I agree with that . However , there is a tendency by the secret services HALFWITS to stamp everything they handle " Top secret " even the hearsay overheard by some nincompoop in some cocktail party . I am against the secrecy that allows crimes to be committed with the excuse of national security . I am against secret societies , secret government , secret services . So , leaving aside the fact that Wikileaks is an operation , the fact that the Swedish government had to invent some BS story to arrest him just makes the Swedish government look like idiots ! So in my view Mr Assange should be free to peddle his poisoned data , isn't this what the mass media does every day ? What's so different from some of the garbage printed by Wikileaks and the garbage printed by the Washington post and News Corp ?
    There are a few different aspects to this saga and the most important is the freedom of information and freedom to speak . I am for the freedom of information and publishing every thing that can be obtained by hacking , stealing and so on . We citizen pay the taxes and the government keep from us important information under the false label of " secret of state " , " state security " and other worn out poppycock . I am an admirer of any individual or organization that steals secret of state of the US or any other state. The governments have no right to keep secrets from us .
    They have no right to keep from us secrets like : Zero point energy , UFO , ALiens , money spent of undermining other countries , money spent to rig the Stock market , transfers of military officers to " space fleet " , Technology advances that could change the world but are instead locked up so the world can continue to go ahead to destroy this planet of finite resources . How is it possible that in a planet of finite resources , the government and ignorant economists still pretend infinite growth ?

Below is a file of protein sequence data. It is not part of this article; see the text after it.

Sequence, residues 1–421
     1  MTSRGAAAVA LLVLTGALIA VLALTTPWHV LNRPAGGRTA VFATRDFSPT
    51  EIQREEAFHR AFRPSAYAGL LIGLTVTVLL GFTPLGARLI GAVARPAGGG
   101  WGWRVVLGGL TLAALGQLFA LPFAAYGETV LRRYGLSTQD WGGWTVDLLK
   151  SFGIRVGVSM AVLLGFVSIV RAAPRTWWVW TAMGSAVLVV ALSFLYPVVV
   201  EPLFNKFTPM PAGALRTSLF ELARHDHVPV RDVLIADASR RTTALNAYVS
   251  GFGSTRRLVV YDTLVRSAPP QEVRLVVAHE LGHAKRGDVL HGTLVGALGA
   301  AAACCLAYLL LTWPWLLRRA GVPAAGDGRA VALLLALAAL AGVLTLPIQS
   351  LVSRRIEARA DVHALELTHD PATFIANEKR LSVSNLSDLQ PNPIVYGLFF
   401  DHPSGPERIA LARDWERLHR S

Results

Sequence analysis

I know that the documents published by Wikileaks were given to some corporate media organizations that informed and got approval to publish by the US government .
    So in practice those "great revelations " are just controlled outing of information ...... not the real McCoy , therefore those revelations should be considered as declassified material.

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    Re: Max Igan:Wikileaks and the Fall of America

    Post  giovonni on Mon Dec 13, 2010 12:28 pm

    i found this quite intriguing and telling about the elusive "Scarlet Pimpernel of Cyberspace" Rolling Eyes



    Wikileaks
    Julian Assange wined and dined at US Embassy
    Julian Assange was a guest at a US Embassy cocktail party less than a year ago.

    By Andrew Gilligan 6:30AM GMT 13 Dec 2010

    To the United States, Julian Assange may now be Public Enemy Number One. Some American politicians have even called for his execution.

    But less than a year ago, the founder of WikiLeaks was officially entertained at a US Embassy cocktail party by one of the very diplomats whose secrets he would soon spill to the world.